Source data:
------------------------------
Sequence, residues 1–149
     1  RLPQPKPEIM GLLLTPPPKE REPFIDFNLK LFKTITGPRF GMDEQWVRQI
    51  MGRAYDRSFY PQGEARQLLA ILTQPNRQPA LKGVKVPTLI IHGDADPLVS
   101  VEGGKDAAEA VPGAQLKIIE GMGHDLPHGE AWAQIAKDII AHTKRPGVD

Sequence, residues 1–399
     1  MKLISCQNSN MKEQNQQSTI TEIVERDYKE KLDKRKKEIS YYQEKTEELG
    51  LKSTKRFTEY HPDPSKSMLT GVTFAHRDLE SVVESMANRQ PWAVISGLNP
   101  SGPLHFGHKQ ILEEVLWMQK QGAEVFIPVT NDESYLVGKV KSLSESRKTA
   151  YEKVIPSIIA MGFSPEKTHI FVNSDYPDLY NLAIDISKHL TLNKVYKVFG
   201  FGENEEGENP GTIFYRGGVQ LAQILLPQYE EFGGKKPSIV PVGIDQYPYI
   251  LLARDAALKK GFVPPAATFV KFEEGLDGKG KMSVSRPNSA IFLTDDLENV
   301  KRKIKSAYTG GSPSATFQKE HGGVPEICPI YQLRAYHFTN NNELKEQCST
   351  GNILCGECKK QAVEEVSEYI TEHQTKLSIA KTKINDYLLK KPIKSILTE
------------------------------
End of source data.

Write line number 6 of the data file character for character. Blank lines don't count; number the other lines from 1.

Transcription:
     1  MKLISCQNSN MKEQNQQSTI TEIVERDYKE KLDKRKKEIS YYQEKTEELG